Wednesday, October 14, 2009
The Itinerant Chorister/Itinerant Scientist in Bayreuth
After returning from Germany, I've had a nasty combination of being very busy as well as sick. I had a cold when I returned, and thought it was getting better during the couple of days that I spent in Ann Arbor. Then I had to travel to Madison, WI, and it got worse. I didn't sing in any church choir this past weekend.
I'm finally getting around to a few more of my experiences in Germany. The real reasons why I was there are work-related, with my duties being in Bayreuth. Bayreuth has two main celebrities from the past. The one who is likely more familiar to most was Richard Wagner. They have the annual Bayreuth Festival that features his operas. The other was Margravine Wilhelmina. She was the Princess of Prussia, daughter of King Friedrich Wilhelm I and lived from 1709 to 1758, and she married Friedrich, Margrave of Bayreuth. They had palaces in Bayreuth called Altes Schloss and Neues Schloss, and nearby outside of town, the Hermitage. They also built the Margravine Opera House. This is a separate, smaller venue than the Festspielhaus in which the Wagner Festival is held. But it is a very impressive building for the rococo decorations (see photos of the front and rear of the house), and as part of the Bayreuth Baroque Festival, they had performances in this location while I was there.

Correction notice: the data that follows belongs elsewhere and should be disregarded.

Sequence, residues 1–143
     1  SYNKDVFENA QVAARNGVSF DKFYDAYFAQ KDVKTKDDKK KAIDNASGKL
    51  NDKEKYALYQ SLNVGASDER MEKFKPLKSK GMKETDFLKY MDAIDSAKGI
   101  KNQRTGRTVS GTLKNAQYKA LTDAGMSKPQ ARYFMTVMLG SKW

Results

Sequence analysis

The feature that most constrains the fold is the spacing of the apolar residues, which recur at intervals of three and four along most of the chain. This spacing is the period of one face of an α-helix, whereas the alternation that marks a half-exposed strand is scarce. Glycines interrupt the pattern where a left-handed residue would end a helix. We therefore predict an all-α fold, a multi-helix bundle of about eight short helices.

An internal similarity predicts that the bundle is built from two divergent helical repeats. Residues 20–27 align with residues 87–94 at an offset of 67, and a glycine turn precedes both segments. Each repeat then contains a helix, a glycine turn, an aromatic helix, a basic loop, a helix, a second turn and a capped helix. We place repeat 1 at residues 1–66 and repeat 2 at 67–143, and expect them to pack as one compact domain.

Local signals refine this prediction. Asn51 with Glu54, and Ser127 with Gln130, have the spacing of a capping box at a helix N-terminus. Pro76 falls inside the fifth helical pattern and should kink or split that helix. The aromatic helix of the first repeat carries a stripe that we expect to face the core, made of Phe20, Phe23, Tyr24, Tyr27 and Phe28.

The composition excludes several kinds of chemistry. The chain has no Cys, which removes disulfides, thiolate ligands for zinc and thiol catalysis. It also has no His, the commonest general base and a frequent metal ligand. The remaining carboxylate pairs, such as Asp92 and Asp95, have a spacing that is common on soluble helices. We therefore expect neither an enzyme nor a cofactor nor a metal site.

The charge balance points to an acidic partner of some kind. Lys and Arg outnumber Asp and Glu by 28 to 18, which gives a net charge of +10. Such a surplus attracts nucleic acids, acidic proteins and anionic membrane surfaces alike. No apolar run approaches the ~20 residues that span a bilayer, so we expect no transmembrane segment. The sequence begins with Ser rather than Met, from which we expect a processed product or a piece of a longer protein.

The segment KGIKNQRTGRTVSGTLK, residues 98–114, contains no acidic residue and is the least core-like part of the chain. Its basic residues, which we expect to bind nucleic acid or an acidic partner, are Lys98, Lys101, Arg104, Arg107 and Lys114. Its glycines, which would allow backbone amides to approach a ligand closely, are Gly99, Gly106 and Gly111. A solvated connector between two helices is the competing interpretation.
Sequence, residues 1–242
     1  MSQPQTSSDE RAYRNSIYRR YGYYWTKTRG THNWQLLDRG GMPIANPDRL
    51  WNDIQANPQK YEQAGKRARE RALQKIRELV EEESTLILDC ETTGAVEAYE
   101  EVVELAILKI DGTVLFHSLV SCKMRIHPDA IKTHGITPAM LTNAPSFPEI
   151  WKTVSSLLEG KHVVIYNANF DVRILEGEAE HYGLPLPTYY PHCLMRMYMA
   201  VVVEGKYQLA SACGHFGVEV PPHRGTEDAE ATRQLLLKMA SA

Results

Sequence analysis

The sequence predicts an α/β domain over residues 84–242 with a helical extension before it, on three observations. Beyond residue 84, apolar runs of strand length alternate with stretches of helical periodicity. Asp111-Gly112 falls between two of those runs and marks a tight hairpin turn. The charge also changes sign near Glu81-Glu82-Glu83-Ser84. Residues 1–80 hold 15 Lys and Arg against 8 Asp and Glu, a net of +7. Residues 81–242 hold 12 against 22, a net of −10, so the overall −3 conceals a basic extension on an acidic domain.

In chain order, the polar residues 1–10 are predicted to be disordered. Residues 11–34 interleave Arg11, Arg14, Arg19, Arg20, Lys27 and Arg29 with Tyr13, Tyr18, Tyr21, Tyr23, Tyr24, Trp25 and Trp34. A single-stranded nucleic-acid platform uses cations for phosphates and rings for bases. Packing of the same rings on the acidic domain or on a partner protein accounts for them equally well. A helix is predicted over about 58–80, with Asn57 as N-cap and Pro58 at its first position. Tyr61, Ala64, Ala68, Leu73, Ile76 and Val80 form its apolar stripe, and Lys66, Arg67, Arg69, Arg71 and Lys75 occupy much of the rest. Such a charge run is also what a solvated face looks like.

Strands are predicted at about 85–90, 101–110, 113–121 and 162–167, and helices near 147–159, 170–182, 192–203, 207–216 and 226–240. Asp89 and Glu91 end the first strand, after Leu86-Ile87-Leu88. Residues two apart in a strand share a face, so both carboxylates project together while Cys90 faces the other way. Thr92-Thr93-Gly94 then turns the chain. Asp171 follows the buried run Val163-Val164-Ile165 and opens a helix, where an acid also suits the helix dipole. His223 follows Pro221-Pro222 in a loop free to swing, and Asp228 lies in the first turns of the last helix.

What I saw was apparently a fairly obscure work called "L'Huomo" by Andrea Bernasconi, with libretto by Margravine Wilhelmina herself. The title translates as "The Man." The Man was played by a woman, as was one other male character. The lowest voice part of any of the solo roles was a countertenor. It started out as a story of two people in love, and placed in a highly circumscribed world, with only themselves along with supernatural beings. As such, it reminded me of one of my favorite musicals, "The Fantasticks." But the man was taken away by temptation and the woman by force. Then it stayed this way for way too long, the second act being sort of a slow-motion chase scene, and finally the two got back together again and the chorus came out with sunshine masks on their faces, and the show ended. This story was probably not very exciting even in the 18th century, but it really was an experience to go and see the show there.
My accommodations were at the Hotel Goldener Anker, built in 1753 and still under ownership by the same family. It is only a few doors up from the Margravial Opera House. One photo shows the room key with the ornate fob affixed to it at a 90-degree angle, making it too cumbersome to carry in your pocket. The other photo shows the 18th century-style uniform that the staff wear, with the rack behind where one leaves the key when not in the hotel.